What We Can Learn from China’s Digital Economy

Dezember 6, 2019 | Anja Kielmann |
What We Can Learn from China’s Digital Economy

This article was originally published on The Drum on November 14, 2019.

Over and over again in its long history, China has turned into a global innovation leader. The compass, gunpowder, printing, papermaking and even pasta were first invented in Ancient China, hundreds or thousands of years before other parts of the world adopted these innovations.

Today, China wants to be – and in many ways, already is – the world’s innovation powerhouse once more. For instance, earlier this year the Nikkei Asian Review reported that China already surpassed the US in the number of AI patents filed. Just recently, the same business journal announced that China now tops the list of countries with the highest number of tech unicorns, overtaking the US once again.

For decades, Europeans have successfully peeked at Silicon Valley to track down approaches and technologies of the future. Today, it remains the most important place in the world for innovation. Yet we would be well-advised to simultaneously direct our gaze towards China in order to not overlook an increasingly important part of the picture.

Chinese platforms prevail for a reason

One of the key drivers of China’s digital economy is its indigenous digital platforms, which have turned into something like indispensable daily companions for the 829m Chinese netizens. In contrast to the Western world, Amazon, Google, Facebook, and other U.S. tech giants play little role in China. Many will be tempted to point towards the “Great Firewall” to explain their lack of success on the Chinese market. But not all major US companies have been banned from operating in the country. Amazon, for instance, was left untouched. Still, it was not able to withstand Chinese competition. Due to Chinese realities, Amazon simply did not have much of a differentiating factor as an online marketplace as compared to Alibaba, JD, or Pinduoduo.

Today, Chinese e-commerce, search and social media platforms greatly outperform their Western counterparts in view of the audience reach and loyalty in China. But the global success of the TikTok short video app by ByteDance also reveals that Chinese tech giants are able to conquer foreign audiences too. Thanks to TikTok, “ByteDance became the first Chinese tech giant to break the West,” a recent Telegraph headline reads. Others will probably follow, as whether we like it or not, China’s tech companies are not only proliferating, but also bubbling with new ideas and an uncanny enthusiasm for innovation.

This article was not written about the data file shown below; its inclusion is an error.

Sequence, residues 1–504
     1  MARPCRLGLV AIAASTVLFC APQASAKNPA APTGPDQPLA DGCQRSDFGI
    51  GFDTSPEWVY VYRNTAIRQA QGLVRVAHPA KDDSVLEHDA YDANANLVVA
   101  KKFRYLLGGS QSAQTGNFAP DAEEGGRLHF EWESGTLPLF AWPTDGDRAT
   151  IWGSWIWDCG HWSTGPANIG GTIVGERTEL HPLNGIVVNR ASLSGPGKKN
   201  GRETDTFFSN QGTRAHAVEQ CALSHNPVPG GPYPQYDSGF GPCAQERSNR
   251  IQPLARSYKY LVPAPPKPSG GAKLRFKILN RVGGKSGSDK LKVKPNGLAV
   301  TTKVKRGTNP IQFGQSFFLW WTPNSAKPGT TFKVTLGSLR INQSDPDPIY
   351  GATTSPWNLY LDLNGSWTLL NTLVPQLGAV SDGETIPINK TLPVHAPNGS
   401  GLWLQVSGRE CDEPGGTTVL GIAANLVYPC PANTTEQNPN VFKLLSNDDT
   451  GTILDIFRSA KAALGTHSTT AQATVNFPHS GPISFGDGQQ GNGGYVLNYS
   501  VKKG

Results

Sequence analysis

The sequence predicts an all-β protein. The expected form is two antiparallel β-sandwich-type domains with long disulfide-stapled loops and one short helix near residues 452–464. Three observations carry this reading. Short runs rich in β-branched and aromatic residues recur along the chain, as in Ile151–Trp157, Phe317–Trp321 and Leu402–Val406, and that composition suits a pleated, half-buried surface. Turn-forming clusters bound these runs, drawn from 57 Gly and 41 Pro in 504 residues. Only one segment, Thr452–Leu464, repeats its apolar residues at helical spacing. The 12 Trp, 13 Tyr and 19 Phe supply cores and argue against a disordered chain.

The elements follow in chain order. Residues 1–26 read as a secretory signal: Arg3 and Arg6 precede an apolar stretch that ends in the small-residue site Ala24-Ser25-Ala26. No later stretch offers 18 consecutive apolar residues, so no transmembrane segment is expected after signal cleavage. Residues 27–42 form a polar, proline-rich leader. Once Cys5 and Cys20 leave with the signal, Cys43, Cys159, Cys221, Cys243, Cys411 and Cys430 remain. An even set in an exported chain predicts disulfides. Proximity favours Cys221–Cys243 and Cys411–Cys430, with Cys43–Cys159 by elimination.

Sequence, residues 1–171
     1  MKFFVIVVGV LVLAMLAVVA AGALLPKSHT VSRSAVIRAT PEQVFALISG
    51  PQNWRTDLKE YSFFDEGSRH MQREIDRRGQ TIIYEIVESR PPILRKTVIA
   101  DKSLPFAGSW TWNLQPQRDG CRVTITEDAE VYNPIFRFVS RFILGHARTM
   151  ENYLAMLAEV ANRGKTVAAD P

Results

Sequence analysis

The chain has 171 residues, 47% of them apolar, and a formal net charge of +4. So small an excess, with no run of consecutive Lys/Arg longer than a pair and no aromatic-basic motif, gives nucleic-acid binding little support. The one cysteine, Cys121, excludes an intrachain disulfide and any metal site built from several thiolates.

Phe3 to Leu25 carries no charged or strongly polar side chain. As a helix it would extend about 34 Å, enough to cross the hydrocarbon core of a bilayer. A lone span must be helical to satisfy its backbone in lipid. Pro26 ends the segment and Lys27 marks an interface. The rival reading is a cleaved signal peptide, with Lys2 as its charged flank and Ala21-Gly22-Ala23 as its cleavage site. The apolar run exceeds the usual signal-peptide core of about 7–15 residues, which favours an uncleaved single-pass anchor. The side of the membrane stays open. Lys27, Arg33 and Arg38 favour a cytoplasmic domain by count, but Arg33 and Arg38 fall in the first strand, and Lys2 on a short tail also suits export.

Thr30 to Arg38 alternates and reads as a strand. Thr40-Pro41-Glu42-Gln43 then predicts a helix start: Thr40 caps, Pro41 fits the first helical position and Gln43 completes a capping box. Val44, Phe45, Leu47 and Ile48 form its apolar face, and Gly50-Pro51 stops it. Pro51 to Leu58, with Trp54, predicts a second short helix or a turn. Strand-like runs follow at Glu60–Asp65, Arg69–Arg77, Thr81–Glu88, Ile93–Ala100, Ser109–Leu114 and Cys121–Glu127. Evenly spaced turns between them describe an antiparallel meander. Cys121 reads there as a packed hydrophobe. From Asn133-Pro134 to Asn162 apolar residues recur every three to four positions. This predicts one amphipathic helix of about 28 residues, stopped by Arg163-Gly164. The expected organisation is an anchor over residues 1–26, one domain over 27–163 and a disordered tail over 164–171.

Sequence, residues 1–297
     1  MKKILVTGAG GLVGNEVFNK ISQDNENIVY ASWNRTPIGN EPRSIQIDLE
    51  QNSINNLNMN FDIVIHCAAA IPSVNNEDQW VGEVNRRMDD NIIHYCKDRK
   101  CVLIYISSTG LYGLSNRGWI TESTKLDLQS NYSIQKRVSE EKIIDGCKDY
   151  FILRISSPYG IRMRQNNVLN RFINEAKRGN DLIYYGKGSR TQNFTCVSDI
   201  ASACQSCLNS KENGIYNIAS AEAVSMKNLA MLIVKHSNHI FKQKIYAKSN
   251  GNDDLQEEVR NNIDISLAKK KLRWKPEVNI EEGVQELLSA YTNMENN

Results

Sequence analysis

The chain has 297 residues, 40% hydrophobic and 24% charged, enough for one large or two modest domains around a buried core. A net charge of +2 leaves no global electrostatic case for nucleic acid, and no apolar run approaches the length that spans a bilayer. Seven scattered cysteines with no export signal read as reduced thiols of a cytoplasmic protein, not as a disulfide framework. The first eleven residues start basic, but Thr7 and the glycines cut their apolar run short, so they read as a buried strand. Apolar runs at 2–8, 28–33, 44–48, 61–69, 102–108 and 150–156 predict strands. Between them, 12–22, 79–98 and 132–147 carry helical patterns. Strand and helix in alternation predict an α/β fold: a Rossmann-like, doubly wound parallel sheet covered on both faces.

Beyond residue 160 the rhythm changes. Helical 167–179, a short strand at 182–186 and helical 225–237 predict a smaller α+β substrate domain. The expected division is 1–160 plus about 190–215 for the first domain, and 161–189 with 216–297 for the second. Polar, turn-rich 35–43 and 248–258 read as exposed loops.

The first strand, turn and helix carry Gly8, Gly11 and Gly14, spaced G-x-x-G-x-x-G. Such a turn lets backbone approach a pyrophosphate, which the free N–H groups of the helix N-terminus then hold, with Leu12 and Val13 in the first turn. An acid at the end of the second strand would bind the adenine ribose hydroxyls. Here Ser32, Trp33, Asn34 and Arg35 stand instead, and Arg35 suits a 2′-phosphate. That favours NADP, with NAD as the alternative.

User-centric, AI-driven ecosystems lead the way

A fitting example are the sophisticated AI algorithms underlying TikTok and also Toutiao, ByteDance’s other wildly successful content platform. The latter has about 124m daily users, who spend a whopping 74 minutes a day on it. Impressive, considering that competition is more than plenty. What makes them stay is the AI-curated content, which is done exceptionally well. Citing a former ByteDance employee, the Wall Street Journal reported that the Toutiao’s recommendation algorithm builds up to 2,000 tags per user. Moreover, if a user scrolled back to read a paragraph a second time, “keywords from that paragraph would become tags associated with the user.” Needless to say, Toutiao shares many of its feats with TikTok – the AI-curated “For You” tab is what makes the app so addictive in the first place.

TikTok’s „For You“ tab suggests videos to the user, based on a complex algorithm that also drives Toutiao, which is extremely popular in China.

AI also plays a central role within Alibaba’s enormous business ecosystem. It is worthwhile to note that many Chinese tech giants including Alibaba, Baidu, ByteDance, Huawei, and Tencent have established AI labs that have been delivering interesting results. Among those is Alibaba’s AI-driven copywriting tool, which can produce 20,000 lines of copy a second and has already been in use since 2018 on the Taobao and Tmall marketplaces to produce millions of product descriptions and ads. Much more important, however, is Alibaba’s use of AI to understand user behavior with the purpose of quickly adapting to changes and to become as user-centric as it gets. In fact, Alibaba’s business model consists of a user-centric ecosystem which is made possible through AI and data analytics.

A key lesson to draw

As Alibaba’s former chief strategist Ming Zeng notes, five of the ten most valuable companies in the world are user-centric, AI-driven ecosystems. Two of them are Chinese – Alibaba and Tencent –, three American. This should give Europeans some food for thought. Both Chinese giants were founded by the end of the millennium and both obtained non-Chinese venture capital in the early years. But these were not gigantic investments. Naspers for instance, Tencent’s South African majority shareholder, invested a comparably meager $34m into Tencent in 2001. Today, its 31% stake is worth $130bn. By the way, ByteDance, only seven years old, is now worth 78bn.

If there is one lesson Europeans should draw from China, it is that: neither unfair advantage nor endless capital investment is what made China’s tech giants big. Rather, it is their understanding of their audience, their focus on user-centricity, and their enthusiasm for innovation that makes all the difference.

Advanced AI algorithms are also employed in China Beats, TD Reply’s new insights solution for China market intelligence. Head to the official China Beats website to learn more and download the “Technology in Action” thought starter, which dives deep into China’s ICT landscape.